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Is it possible to live to 1,000?
Curing disease is one thing. But according to one scientist, we're getting close to curing aging, too
 
The oldest person on record lived to be 122, but one gerontologist says that with the help of preventative geriatrics, 150 may be within reach soon... and then, 1,000.
The oldest person on record lived to be 122, but one gerontologist says that with the help of preventative geriatrics, 150 may be within reach soon... and then, 1,000.
Somos Images/Corbis

Forget the fountain of youth. Biomedical gerontologist Aubrey de Grey says doctors might soon be able to "cure" aging. Is that really possible? Here, a brief guide to how medical advances could push human life spans farther than most people have ever imagined:

How old does de Grey think people can get?
The scientist says that the first person who will live to be 150 years old has already been born and that somebody born within 20 years could live to be 1,000. "I'd say we have a 50-50 chance of bringing aging under what I'd call a decisive level of medical control within the next 25 years or so," de Grey says, as quoted by Reuters. "And what I mean by 'decisive' is the same sort of medical control that we have over most infectious diseases today."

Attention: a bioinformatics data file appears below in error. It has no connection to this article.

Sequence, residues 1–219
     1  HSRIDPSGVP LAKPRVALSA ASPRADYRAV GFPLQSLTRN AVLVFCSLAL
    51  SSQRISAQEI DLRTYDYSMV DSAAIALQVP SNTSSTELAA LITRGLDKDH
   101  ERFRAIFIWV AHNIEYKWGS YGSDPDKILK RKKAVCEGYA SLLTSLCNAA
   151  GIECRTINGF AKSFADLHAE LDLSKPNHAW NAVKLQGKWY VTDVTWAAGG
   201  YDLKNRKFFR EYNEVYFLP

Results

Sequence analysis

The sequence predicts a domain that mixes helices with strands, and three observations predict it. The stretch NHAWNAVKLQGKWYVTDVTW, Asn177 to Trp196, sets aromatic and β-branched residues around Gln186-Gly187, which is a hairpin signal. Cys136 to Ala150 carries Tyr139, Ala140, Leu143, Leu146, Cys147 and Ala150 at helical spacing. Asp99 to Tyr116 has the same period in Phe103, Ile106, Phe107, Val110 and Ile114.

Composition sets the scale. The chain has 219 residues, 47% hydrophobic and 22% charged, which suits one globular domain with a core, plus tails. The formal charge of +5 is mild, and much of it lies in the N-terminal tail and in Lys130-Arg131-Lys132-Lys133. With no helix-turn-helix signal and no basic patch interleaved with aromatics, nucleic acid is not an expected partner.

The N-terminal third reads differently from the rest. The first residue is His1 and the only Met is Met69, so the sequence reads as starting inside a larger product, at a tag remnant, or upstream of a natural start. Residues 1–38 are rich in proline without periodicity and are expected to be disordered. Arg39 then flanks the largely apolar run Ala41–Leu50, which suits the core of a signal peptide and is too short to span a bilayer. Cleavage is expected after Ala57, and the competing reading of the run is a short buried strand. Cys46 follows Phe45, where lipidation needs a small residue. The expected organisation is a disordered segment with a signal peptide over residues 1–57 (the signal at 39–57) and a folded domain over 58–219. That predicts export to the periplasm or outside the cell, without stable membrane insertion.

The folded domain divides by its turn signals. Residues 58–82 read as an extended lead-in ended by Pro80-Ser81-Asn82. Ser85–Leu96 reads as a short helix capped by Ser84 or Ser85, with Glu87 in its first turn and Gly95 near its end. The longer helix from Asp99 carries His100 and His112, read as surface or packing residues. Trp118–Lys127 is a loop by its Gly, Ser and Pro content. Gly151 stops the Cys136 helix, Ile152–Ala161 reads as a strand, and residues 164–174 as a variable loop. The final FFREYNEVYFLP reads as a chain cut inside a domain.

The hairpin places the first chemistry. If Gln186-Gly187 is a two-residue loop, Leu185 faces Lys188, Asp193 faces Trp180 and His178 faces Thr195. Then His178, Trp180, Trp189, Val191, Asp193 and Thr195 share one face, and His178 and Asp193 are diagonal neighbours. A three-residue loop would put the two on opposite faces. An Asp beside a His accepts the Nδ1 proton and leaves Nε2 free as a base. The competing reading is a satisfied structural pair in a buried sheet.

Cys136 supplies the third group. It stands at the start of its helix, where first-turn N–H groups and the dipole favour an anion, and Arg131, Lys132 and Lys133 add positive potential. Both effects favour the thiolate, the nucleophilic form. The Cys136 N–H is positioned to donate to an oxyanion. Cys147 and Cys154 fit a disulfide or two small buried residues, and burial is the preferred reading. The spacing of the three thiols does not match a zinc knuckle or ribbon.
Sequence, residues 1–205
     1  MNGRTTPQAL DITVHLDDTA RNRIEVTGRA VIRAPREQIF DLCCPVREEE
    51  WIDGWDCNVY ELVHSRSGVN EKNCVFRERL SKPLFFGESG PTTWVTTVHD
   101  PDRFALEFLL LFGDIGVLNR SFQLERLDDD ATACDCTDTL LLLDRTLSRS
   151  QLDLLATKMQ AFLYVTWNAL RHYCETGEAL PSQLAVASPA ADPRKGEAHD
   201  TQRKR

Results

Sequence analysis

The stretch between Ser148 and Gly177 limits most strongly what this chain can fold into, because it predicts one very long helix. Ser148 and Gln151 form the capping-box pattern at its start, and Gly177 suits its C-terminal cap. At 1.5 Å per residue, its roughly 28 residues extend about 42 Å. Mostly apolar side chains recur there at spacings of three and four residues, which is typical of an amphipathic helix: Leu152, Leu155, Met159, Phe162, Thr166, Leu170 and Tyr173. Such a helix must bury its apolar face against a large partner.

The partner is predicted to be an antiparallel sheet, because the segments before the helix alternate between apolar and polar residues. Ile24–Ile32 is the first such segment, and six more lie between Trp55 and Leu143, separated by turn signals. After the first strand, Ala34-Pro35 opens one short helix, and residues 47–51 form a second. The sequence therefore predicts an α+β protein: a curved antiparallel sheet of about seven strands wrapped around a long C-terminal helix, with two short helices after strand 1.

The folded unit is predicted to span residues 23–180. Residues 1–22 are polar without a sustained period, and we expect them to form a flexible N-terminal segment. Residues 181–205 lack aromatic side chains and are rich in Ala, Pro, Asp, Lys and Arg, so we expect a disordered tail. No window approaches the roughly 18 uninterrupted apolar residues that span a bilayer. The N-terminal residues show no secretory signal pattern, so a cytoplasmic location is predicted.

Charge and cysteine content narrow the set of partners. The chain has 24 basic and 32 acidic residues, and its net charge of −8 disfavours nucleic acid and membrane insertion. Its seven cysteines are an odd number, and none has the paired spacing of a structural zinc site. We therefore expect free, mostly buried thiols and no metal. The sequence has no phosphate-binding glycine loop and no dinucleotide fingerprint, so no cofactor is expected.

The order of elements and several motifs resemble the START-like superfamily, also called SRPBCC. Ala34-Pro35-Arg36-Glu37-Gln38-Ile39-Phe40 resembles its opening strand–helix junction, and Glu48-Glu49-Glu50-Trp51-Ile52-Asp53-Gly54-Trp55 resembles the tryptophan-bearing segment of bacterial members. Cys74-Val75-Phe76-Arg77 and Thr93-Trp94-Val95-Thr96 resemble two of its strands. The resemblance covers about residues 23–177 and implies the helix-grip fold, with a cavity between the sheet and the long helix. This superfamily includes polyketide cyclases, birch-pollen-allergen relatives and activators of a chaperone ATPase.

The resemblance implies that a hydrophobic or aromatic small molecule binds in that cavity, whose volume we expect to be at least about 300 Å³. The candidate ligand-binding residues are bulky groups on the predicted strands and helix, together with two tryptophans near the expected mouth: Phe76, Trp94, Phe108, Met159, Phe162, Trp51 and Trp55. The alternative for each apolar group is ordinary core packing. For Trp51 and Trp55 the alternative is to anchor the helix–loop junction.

1,000 years old... really?
Other scientists have called de Grey's work "pseudo science." But the oldest person on record lived to be 122, and life expectancies are rising every year. In 2010, there were 44,000 centenarians in Japan alone. MIT's Technology Review journal offered $20,000 in 2005 to any molecular biologist who could show that de Grey's theory was "so wrong that it was unworthy of learned debate," and nobody won the cash.

What will it take to make people live so long?
Mostly maintenance. Aging, de Grey says, is basically the lifelong accumulation of molecular and cellular damage throughout the body. Using stem cells and other therapies, de Grey says doctors will become able to fix those problems before they can kill you. "The idea is to engage in what you might call preventative geriatrics," he says, "where you go in to periodically repair that molecular and cellular damage." But we're a long way from achieving what de Grey calls "actuarial escape velocity" — the point at which life expectancy rises by a year or more annually. Right now, it's going up just three months a year, so old age is still catching up to us all.

Are others searching for the secret to superlongevity?
Yes. Billionaire David Murdock has set up the $500 million North Carolina Research Campus, a scientific center dedicated to his conviction that eating plants, and lots of them, is the key to top health and maximal life span, according to The New York Times Magazine. Murdock is 87, but he's already thinking about how he'll celebrate his 125th birthday.

SourcesFightaging.orgHuliqNY Times MagazineReuters

 

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